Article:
Update: Given the level of interest and feeling this post has garnered since it was initially published, readers are encouraged to take a look at the two follow-up pieces. Click here for the first, and here for the second.
To be honest, I didn’t even know Thomas Kinkade was dead. That was until I read this fascinating piece on Kinkade, America’s favorite sentimental “Painter of Light,” from The Daily Beast by Zac Bissonnette: “The Drunken Downfall of Evangelical America’s Favorite Painter.” I also had no idea Kinkade was (a) an Evangelical Christian and (b) an alcoholic. The story is at once alarming, yet not surprising, and ultimately really sad. Thus, I can’t help but explore it here.
(Before I move on, I should preface this essay by noting that Kinkade died on Good Friday two years ago, so I was probably distracted by the busyness of Holy Week to catch the news. Apparently missing this story also means I managed to miss our friend Dan Siedell’s must-read article shortly following Kinkade’s death. Anything I write here is a mere shadow compared to Siedell’s artistic expertise and poignant interpretations.)
I know Kinkade from kitschy tourist sections of the California towns where I grew up. One could always find his shops on beaches or on historic Main Streets selling prints of his disturbingly idyllic work. Even as a child I got a strange vibe from his shops. If I were to judge the man solely from his paintings, I would have guessed he was more like Bob Ross and less like Keith Richards. Although he painted like Ross, he certainly partied like Richards. It is too bad he never hit the kind of rock bottom that leads to recovery. Rather, he bottomed out in death due to “acute ethanol and diazepam intoxication”—alcohol and Valium. He OD’ed.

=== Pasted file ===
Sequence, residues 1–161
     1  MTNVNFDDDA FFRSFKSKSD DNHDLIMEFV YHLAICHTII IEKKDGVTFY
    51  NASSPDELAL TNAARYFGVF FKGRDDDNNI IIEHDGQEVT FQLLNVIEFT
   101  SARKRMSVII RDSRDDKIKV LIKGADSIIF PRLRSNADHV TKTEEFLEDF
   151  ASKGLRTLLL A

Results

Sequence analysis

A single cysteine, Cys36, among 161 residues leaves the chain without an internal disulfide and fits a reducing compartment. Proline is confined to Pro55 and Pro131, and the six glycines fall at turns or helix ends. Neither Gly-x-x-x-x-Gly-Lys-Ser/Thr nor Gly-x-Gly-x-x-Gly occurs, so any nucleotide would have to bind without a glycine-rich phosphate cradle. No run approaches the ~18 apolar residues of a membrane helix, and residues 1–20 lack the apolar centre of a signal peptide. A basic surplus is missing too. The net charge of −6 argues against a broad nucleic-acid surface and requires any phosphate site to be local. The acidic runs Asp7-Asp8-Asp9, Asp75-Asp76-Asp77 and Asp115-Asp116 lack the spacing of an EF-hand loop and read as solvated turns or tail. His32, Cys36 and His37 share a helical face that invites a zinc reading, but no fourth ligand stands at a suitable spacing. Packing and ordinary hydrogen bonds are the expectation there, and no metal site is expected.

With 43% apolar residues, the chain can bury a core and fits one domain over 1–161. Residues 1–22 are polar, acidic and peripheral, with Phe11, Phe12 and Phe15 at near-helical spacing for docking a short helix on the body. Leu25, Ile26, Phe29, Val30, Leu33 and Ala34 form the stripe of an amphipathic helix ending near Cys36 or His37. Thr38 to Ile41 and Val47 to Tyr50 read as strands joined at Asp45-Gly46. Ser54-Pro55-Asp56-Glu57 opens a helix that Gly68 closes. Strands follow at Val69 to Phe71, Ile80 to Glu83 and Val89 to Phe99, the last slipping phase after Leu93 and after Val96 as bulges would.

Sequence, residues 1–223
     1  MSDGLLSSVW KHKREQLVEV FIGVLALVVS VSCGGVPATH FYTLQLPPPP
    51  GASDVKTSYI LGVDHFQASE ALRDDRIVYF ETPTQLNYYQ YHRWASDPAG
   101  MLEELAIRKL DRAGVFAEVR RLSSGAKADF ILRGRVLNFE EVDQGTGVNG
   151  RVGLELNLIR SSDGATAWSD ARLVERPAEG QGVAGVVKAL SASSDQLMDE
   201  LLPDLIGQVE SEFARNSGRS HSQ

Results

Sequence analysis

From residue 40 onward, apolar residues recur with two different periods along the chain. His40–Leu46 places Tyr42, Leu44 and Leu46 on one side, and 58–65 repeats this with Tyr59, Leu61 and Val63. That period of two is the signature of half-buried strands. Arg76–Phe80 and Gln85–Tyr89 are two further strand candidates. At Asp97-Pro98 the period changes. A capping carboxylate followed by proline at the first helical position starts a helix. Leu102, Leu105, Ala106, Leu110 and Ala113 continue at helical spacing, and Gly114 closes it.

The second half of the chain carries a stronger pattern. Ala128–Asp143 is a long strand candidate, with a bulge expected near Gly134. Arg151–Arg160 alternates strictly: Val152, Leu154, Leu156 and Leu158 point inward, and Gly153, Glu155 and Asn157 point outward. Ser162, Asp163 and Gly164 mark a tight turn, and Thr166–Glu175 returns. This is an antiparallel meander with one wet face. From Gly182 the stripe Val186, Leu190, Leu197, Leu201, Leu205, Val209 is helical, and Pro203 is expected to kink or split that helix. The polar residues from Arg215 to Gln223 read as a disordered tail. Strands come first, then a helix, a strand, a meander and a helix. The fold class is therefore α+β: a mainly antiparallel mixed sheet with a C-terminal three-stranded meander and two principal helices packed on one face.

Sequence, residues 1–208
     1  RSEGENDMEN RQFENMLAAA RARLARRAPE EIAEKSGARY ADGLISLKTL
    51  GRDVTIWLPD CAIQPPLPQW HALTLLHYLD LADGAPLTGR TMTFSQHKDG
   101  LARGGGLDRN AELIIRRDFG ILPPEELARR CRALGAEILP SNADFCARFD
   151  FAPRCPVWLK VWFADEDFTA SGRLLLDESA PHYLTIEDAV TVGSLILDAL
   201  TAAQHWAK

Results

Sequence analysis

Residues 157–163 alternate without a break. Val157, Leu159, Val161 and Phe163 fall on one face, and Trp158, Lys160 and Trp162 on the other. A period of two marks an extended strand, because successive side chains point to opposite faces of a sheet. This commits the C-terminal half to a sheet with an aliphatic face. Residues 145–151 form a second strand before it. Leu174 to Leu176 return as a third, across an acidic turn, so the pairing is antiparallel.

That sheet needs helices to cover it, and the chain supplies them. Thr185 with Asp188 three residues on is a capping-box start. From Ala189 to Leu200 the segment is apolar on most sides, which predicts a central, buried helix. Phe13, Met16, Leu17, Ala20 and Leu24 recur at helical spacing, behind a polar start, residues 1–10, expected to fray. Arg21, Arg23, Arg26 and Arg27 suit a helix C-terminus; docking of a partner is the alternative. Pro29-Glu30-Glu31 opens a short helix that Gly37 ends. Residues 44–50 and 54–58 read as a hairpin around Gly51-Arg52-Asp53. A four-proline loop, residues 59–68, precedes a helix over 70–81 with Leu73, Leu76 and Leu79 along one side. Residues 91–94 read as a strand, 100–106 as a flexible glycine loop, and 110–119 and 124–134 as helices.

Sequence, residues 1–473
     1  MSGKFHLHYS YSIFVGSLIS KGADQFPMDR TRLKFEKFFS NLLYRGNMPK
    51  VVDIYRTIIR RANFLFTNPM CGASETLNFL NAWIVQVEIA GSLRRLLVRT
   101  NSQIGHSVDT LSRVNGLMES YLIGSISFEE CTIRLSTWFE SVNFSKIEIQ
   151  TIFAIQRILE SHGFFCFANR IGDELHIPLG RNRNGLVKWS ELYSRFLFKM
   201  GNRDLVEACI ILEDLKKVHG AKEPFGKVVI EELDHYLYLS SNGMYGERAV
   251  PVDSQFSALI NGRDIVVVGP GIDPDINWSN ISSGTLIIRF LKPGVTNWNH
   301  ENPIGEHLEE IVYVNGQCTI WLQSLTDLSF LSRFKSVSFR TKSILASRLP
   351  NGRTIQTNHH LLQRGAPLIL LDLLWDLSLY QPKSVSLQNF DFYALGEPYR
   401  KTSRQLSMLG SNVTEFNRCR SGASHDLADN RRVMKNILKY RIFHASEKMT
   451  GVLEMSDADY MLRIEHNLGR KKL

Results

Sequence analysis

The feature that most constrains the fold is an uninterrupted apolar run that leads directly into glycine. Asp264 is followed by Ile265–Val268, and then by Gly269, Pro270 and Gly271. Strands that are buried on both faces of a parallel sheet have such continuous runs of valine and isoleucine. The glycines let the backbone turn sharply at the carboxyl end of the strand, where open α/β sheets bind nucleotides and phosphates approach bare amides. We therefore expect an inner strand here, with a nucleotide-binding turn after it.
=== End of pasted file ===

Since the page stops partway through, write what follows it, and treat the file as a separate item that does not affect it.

Personally, never have I been more interested in Thomas Kinkade. Here is an interesting tidbit from Bissonnette’s article on the inspiration and thought process behind his work:
In the 1980s, Kinkade thought the art world had become detached from the public—and he saw himself as the person to return it to an artist-as-servant model, where painters affirmed rather than challenged social values. His hero was Andy Warhol, who, he felt, had rescued art from insularity and infused it with iconography that meant something to ordinary people; what Warhol did with soup cans and Marilyn Monroe, Kinkade thought he could do with Eden-inspired garden scenes and Cotswolds cottages.
But the story continues that despite painting a world unmarred by the Fall at Eden, Kinkade spiraled increasingly out of control into a debauched life of sin contradictory to his conservative Evangelical values. Eventually, his surprising private behavior became public.
The company persevered, but Kinkade himself did not fare as well. He controlled his fondness for alcohol and strip clubs adequately when his wife was with him, but things spiraled out of control when he was on the road. By the mid-2000s, Kinkade’s family was pushing him into inpatient rehab as stories about his alcoholism started to make the news. The last five years of his life were characterized by the pattern of ups and downs familiar to many addicts.
“Thom believed that he should be able to control it, and that contributed to his downfall,” his brother remembers. “He had six months of sobriety and he was doing all these wonderful things. He was calling me and telling me: ‘Feeling good! Losing weight! Doing great!’ And then suddenly, you get a message: ‘Thom’s had a beer.’ Two days later, he’s into vodka. Seven days later, [he’s] dead.”